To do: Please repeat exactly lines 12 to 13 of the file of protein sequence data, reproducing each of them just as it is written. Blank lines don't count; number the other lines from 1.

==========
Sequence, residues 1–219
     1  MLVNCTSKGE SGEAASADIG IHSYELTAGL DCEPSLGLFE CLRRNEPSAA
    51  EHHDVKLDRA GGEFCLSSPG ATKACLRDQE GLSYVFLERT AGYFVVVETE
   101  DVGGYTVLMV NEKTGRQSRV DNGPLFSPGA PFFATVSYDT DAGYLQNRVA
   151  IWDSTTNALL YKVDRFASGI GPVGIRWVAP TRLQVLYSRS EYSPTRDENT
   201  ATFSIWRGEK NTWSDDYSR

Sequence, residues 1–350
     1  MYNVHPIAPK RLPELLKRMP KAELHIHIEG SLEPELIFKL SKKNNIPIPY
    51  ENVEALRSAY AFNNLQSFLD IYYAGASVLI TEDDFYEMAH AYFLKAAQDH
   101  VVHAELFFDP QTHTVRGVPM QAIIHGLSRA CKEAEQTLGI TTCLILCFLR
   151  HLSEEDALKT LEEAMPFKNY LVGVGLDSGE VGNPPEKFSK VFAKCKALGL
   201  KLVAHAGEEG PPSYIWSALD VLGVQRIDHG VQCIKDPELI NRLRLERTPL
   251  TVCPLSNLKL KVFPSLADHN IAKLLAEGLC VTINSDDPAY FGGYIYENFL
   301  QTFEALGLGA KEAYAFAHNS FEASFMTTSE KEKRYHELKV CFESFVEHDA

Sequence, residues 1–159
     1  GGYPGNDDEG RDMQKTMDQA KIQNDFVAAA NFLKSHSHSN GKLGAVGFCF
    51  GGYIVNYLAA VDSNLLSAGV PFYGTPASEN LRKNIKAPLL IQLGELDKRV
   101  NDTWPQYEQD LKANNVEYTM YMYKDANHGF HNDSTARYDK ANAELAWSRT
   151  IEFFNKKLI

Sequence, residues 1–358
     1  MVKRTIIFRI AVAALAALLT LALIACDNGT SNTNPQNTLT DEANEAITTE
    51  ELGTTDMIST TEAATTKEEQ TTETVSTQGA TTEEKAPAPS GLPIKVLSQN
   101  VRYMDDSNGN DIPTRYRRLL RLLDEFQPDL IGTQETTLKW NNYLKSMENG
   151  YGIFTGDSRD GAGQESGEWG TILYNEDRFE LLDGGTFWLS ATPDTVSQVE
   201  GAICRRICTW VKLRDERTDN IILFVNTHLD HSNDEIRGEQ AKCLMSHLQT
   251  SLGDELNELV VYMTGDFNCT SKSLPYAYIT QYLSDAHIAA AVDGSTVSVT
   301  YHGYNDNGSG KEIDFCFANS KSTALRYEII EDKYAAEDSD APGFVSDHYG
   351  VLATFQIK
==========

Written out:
   201  KLVAHAGEEG PPSYIWSALD VLGVQRIDHG VQCIKDPELI NRLRLERTPL
   251  TVCPLSNLKL KVFPSLADHN IAKLLAEGLC VTINSDDPAY FGGYIYENFL